He didn’t quite succeed, but the losses only mounted over the centuries, culminating with the Anglo-French sack of the Old Summer Palace in 1860, which ravaged a library specially designed to hold the Ssu-k’u Ch’üan-shu, the renowned Totality of Books; some 168,000 volumes disappeared that day. Mao’s Cultural Revolution went on to systematically target public, academic, and private libraries, and even as recently as December 2019 a library in the north-central Gansu province was burning books as part of a quick and comprehensive” program of “filtering” books deemed to be “illegal.” It is little wonder that while the Chinese word for a public library is tushuguan, referring generally to texts and maps, the word for a private library is, revealingly, cangshu, “to hide the works.” And it is equally little wonder that the eminently civilized Ming-era essayist Li Zhi drolly entitled his two greatest collections A Book to Burn and A Book to Keep Hidden.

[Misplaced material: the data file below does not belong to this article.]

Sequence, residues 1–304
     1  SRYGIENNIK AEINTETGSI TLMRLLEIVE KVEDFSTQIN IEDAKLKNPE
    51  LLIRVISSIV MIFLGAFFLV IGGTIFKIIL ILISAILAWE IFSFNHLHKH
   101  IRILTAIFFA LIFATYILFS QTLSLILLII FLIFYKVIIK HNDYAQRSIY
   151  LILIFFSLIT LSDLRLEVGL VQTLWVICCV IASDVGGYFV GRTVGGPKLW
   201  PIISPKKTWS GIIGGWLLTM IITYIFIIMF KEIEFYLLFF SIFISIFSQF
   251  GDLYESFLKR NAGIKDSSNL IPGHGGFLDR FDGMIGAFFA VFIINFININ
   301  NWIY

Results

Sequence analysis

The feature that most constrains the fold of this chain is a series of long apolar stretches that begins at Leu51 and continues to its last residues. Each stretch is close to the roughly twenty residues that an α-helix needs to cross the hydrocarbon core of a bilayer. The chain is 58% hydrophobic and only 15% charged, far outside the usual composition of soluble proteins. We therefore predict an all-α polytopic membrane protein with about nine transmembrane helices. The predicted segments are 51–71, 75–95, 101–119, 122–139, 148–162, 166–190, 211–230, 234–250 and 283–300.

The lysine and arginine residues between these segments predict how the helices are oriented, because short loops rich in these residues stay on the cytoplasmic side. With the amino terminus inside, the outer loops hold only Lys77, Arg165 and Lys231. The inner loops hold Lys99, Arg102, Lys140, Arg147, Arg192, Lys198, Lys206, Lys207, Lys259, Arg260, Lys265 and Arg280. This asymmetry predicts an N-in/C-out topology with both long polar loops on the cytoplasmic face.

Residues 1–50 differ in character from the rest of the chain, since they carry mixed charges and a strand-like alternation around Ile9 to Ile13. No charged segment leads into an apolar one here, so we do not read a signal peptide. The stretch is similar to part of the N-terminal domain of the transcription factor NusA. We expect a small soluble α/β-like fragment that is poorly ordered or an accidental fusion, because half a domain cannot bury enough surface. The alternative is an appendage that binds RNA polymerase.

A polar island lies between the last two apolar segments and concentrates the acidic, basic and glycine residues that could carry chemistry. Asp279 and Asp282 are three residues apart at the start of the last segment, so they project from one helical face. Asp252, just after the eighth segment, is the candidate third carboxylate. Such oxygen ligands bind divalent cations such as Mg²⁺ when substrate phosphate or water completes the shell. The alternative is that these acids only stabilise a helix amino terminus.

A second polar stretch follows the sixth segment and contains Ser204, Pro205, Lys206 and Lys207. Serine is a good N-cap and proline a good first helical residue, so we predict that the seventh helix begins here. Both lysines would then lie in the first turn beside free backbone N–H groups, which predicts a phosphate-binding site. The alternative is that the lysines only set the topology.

While the Ch’in’s macabre living inhumation of hundreds of scholars in a sort of grim chthonic rite is undoubtedly disturbing to our sensibilities, there has always been something equally taboo about the accidental or intentional burning of books, hence the proliferation of works on the subject that occupy pride of place on my own shelves, including Fernando Báez’s A Universal History of the Destruction of Books, Rebecca Knuth’s Libricide, and Lucien Polastron’s Books on Fire, among others. The medieval English bibliophile Richard de Bury once prayed that the “Almighty Author and Lover of Peace” might “scatter the nations that delight in war, which is above all a plague injurious for books … so many shrines of eternal truth.”

The destruction of books may begin as mere cultural vandalism, but can rise to the level of cultural genocide, as was the case when, to take but one notorious example, Diego de Landa ordered the incremation of precious Mayan codices during an auto-da-fé held in Maní, Yucatán, in the summer of 1562. Modern total war has only exacerbated this risk. The Prussian sack of Strasbourg in 1870 resulted in the destruction of the city library, with its 400,000 volumes, alongside the devastation of the Molsheim Charterhouse, with its priceless collection of medieval manuscripts. True to form, the Teutonic invaders would similarly perpetrate the “Holocaust of Louvain” in 1914, which wrecked the 14th-century University Hall and the 18th-century library wing, wiping out 300,000 books and a further 1,000 irreplaceable manuscripts in the process.